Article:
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Neale Walsh Government News Australia
Practical changes can deliver improved benefits. This includes a shift towards a technology strategy and ethos that puts tenants at the heart of service delivery.
Such a strategy might include the use of location-based intelligence to deliver more targeted social housing programs.
This is critical given that much of the housing stock out there doesn’t match the demographic for social housing tenants.
Many of the properties available are three-bedroom houses which are costly to maintain, while the majority of people that need them aren’t families. Often, they’re either single people, elderly couples, or people with one child. This mismatch has resulted in stock becoming underutilised, while many prospective tenants are left without homes.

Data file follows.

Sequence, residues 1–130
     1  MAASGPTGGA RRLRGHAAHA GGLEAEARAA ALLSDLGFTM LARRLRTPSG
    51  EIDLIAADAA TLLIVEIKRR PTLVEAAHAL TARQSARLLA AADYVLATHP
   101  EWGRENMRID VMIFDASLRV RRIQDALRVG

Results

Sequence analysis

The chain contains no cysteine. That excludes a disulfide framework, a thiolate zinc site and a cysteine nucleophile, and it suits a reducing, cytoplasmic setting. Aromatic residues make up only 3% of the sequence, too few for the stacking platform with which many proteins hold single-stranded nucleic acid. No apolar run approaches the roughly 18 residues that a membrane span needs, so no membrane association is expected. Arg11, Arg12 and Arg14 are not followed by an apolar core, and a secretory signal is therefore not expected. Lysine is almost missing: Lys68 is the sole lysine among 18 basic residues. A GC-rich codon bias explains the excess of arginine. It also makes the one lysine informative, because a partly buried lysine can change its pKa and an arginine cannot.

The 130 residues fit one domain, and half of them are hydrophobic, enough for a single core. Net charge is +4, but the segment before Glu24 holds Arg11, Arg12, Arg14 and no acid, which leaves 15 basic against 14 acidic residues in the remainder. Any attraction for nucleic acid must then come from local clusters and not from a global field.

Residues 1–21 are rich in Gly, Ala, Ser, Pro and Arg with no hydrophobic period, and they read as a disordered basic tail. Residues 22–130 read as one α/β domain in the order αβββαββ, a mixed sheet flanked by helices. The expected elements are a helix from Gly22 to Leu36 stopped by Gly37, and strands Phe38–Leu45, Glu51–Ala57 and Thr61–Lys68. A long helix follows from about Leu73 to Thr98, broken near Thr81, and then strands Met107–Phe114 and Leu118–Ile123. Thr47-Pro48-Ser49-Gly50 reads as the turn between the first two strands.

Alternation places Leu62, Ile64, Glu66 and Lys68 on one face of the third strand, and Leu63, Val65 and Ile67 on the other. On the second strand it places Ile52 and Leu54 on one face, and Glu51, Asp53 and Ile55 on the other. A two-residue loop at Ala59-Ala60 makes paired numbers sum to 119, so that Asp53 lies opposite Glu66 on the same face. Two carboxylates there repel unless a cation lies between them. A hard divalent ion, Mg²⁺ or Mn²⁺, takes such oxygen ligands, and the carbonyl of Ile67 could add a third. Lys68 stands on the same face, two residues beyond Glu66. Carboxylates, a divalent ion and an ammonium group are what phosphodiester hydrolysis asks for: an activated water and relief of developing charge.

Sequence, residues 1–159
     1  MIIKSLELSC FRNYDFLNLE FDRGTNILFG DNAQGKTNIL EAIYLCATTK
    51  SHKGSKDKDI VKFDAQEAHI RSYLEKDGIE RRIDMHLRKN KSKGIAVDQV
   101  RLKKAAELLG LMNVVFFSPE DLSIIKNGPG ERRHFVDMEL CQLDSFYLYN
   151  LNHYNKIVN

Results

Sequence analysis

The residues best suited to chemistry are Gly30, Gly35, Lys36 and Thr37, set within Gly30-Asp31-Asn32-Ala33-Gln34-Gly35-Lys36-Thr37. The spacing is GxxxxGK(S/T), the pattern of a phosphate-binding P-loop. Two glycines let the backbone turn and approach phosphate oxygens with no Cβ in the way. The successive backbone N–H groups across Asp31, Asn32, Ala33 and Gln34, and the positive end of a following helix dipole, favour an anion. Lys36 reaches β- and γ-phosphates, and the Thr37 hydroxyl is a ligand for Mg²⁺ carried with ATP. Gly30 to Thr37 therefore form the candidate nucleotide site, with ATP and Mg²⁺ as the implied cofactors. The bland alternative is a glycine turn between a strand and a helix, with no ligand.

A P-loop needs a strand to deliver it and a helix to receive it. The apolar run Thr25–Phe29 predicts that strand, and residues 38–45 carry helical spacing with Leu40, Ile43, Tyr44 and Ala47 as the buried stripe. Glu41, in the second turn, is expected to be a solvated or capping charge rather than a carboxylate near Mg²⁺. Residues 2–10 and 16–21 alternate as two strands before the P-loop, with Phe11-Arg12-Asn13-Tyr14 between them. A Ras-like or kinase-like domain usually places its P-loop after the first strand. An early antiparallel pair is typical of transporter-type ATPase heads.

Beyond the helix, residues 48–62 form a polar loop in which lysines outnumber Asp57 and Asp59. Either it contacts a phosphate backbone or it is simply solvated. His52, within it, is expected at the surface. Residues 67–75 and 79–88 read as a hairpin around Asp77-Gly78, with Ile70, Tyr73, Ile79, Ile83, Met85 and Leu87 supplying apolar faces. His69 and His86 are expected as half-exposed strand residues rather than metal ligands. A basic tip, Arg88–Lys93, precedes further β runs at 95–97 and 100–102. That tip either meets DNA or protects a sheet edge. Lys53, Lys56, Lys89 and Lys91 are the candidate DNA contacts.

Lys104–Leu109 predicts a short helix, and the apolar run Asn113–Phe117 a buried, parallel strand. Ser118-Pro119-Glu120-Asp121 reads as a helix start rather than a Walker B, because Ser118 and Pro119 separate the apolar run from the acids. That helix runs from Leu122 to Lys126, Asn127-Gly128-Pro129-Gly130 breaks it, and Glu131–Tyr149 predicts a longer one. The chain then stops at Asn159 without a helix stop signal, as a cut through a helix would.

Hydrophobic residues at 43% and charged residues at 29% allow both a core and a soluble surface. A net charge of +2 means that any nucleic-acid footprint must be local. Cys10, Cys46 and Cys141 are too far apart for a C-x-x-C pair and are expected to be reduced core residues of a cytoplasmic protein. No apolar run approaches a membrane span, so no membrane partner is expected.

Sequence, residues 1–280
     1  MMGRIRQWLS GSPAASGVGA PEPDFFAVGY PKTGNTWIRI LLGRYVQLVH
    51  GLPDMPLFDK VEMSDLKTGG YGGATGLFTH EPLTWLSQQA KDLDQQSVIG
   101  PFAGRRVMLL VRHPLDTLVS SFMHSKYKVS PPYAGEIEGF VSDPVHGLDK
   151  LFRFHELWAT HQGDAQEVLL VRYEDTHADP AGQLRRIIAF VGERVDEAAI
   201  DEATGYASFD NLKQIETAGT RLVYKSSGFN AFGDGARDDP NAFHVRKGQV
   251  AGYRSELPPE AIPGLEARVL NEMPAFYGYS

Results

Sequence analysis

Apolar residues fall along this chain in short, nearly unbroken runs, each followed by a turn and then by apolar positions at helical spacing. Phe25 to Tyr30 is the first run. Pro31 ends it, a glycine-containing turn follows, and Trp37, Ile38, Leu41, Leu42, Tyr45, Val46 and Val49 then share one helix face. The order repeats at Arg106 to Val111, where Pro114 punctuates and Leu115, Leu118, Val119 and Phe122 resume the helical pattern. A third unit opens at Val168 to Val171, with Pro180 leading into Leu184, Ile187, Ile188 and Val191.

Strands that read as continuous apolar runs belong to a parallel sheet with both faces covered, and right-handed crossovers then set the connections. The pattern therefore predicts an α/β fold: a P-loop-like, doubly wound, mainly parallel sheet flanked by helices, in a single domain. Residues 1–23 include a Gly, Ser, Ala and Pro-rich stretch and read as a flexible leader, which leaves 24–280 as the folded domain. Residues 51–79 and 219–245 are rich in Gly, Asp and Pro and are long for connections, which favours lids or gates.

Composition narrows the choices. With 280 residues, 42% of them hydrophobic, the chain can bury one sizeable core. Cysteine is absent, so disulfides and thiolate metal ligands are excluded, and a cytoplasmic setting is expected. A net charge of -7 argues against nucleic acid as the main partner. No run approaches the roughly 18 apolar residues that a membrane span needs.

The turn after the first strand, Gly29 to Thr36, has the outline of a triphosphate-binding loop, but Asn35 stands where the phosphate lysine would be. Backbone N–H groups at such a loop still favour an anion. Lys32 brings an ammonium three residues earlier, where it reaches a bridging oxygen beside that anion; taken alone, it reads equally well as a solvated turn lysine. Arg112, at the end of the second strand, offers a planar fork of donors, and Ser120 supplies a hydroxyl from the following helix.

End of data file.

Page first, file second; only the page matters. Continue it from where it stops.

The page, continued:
Using location-based intelligence technology, CHPs can more clearly assess the demographics of a certain area and assesses their specific needs – an approach widely used in commercial property development.
A tenant-centric strategy would also see CHPs take a proper assessment of the specific needs of their tenants. This includes placing considerable attention on centring newly-developed properties in areas where people can get access to the essential services they need. While this may be different for each individual tenant, it may include things like mental health support, alcohol or drug rehabilitation services, and specific specialists or health practitioners.
Other factors include proximity to public transport, which is especially prudent given the increasing preference on behalf of the government to build properties in regional areas, where support services can be scarce. Technology can play a key role in this regard, providing CHPs with analytics platforms to assess multiple data points and trends and manage needs effectively.